“Swimming is my favorite because I had to work a lot more to get to state since we didn’t have a pool,” she said. “I guess I could have just done basketball, but I wanted to stick with it.”
Hours of dedication in the MoCo pool her freshman year amounted to state qualification in the 100-yard breaststroke, 200 individual medley and 200 freestyle relay.
“It was really exciting just because no one thought we’d be going at all,” she said.
The school board was forced to close the facility. Even so, swimmers have spent the past few seasons using the Meeker rec center as their home base, and McDiffett noted that the increased travel time served as another way to bond.
She was back in the same individual events at state the following two years as well as relays, and though it came down to the wire in her pandemic-impacted senior season, she was part of the 400 free relay earlier this year along with Ellina Jones, Alexa Neton and Hailey Knowles.
Taking on soccer to round out her senior year rather than track, McDiffett said she’ll likely be participating in fewer sports at the college level while she studies nursing at University of Colorado-Colorado Springs.
While she needed less motivation for swimming, she noted that it was her teammates who made sports like cross country and track all the better.
“Running a lot of miles every day isn’t very fun, but with the right company it’s not bad,” she said.
Emaleigh Papierski — Cross country, basketball, track and field
There’s been more than a few struggles in Emaleigh Papierski’s athletic career, but there’s been just as many successes along the way.
Papierski has been competing at the highest level each fall, winter and spring ever since her freshman year at MCHS, a crucial component of the cross country, basketball and track and field teams.
Her XC run included appearances at regionals and state both her freshman and junior years, forgoing the sport her sophomore season to train for basketball and as a senior due to a summertime injury.
However, she suited up for varsity hoops all four years, including a freshman season that included highlights like the Lady Bulldogs’ most recent 3A Western Slope League title and a postseason push that got them as far as the 2018 state semifinals.
The girls basketball team made it into the playoffs each of the past four seasons under three different coaches, though Papierski has been on the roster all the while and her final season may have been her best individually as she led in total points (195), rebounds (94) and tied in steals (43), helping her to pick up the Most Valuable Player award.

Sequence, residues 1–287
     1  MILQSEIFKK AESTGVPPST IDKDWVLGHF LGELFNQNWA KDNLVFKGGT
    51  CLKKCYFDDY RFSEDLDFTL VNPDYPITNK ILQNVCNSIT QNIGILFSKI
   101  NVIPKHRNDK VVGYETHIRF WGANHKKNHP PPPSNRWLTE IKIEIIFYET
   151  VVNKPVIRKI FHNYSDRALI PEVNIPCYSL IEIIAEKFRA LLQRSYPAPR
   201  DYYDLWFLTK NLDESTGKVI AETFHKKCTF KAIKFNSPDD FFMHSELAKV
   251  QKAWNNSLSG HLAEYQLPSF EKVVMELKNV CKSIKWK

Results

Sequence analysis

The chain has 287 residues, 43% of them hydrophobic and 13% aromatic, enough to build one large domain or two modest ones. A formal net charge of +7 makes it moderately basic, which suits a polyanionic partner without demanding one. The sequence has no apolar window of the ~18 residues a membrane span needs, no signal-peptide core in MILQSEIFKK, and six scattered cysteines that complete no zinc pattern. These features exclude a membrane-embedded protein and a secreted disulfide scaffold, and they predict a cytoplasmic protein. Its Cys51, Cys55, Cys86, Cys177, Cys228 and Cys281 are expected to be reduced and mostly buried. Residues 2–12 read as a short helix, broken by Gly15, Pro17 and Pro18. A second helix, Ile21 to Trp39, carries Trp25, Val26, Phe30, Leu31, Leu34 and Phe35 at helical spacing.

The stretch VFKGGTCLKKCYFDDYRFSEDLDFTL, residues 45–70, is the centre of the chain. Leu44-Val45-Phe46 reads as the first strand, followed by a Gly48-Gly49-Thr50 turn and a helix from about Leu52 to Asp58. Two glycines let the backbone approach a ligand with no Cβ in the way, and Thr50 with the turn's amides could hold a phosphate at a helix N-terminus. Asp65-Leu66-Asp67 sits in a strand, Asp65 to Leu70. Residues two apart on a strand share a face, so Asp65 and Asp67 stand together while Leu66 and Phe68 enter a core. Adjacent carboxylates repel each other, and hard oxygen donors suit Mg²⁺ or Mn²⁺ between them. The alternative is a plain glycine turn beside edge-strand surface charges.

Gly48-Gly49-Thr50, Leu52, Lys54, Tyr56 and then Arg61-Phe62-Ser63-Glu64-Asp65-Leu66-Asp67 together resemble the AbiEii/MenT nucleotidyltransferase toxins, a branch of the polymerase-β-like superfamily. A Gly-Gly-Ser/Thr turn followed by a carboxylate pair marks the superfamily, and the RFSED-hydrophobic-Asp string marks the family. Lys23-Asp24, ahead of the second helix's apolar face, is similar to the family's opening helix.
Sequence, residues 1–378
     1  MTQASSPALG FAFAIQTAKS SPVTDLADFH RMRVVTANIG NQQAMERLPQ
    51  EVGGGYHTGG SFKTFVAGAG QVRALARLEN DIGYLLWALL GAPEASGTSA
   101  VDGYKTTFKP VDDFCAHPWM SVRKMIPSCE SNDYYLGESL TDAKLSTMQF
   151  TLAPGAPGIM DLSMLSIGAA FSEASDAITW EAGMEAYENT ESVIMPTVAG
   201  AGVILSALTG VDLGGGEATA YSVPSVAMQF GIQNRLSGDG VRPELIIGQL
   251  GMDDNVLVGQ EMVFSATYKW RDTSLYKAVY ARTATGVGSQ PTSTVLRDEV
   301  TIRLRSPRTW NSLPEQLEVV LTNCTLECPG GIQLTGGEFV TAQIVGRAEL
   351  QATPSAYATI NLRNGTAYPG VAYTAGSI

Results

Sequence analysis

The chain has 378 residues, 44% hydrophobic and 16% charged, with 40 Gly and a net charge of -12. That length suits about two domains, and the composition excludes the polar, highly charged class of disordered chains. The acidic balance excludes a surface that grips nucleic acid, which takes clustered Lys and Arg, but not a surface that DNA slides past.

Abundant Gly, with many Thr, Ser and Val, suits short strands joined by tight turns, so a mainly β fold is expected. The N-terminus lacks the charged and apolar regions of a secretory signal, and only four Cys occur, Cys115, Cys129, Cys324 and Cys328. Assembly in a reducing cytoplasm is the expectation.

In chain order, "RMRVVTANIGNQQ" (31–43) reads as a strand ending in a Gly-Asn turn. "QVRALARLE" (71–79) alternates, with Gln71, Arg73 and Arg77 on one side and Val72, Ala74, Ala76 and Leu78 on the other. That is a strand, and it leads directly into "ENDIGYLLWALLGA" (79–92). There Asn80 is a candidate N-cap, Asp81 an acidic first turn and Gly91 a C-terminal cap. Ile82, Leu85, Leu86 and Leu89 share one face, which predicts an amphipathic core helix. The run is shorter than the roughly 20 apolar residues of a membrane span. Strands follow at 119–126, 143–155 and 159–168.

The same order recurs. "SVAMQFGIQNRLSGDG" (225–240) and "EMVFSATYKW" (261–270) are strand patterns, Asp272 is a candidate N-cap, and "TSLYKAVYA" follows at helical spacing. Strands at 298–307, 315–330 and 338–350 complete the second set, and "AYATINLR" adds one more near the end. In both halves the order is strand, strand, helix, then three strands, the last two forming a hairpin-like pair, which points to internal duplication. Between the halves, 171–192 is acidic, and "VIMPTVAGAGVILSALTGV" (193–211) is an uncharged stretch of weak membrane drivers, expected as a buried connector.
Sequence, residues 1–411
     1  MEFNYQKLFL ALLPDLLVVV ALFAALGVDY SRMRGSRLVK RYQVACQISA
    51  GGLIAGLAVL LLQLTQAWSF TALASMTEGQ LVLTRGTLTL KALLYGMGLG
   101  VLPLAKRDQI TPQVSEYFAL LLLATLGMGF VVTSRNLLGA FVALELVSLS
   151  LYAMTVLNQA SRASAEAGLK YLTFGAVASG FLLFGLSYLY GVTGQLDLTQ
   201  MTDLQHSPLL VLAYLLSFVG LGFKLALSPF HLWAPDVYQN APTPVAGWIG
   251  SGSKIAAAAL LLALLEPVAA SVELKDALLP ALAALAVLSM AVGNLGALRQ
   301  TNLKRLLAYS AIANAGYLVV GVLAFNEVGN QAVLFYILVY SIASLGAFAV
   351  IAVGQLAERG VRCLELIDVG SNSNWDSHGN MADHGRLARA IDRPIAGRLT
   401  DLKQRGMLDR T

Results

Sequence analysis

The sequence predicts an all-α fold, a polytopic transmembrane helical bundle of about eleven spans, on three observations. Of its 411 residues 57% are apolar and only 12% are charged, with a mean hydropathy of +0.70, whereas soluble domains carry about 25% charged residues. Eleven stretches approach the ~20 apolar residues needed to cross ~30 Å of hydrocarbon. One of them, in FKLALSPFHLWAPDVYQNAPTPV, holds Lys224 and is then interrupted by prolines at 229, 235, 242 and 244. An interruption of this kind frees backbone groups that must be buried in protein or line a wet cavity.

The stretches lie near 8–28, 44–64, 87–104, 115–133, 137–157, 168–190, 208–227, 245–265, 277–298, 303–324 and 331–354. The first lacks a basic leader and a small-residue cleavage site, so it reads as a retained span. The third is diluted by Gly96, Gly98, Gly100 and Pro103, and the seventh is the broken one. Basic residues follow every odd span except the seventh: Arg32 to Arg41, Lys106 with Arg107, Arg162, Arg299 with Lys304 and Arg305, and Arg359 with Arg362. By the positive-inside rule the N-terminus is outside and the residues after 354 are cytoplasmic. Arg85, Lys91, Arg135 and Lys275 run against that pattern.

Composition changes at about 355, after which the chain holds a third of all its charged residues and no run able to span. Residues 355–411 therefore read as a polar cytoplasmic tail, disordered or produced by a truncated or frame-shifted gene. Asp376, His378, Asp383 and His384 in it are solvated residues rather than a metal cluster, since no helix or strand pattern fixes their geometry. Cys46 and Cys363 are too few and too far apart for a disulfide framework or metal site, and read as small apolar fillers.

“This season I played every game like it was my last, because COVID made me realize how lucky we were to get that season. I played, had some fun and got blessed enough to get that,” she said.
Papierski was also named All-Conference First Team, All-State Honorable Mention by Colorado High School Activities Association and All-State by Colorado Coaches of Girls Sports. CCGS typically hosts an All-State game specifically for graduating seniors, though the organization was forced to cancel this year’s event, much to Papierski’s disappointment.
“I was looking forward to wearing my uniform one more time,” she said.
She added that her teammates and coaches made the basketball season special.
“Our energy was really strong in every practice and that just made the year go by really fast because we were a really close group,” she said.
Though she liked the idea of competing in college basketball, Papierski committed to track at University of Colorado-Colorado Springs a sport in which she earned her biggest achievement.
As a freshman and sophomore, she was part of the maximum amount of state track and field events — including sprints, relays and long jump — though her highlight was as the anchor in the 4×200 relay in 2019, gaining the gold alongside Halle Hamilton, Emma Jones and Stephenie Swindler.
While the foursome had their hopes of a repeat championship dashed in 2020 amid the coronavirus pandemic, Papierski, Hamilton and Jones are anticipating the possibility of one last big win this June.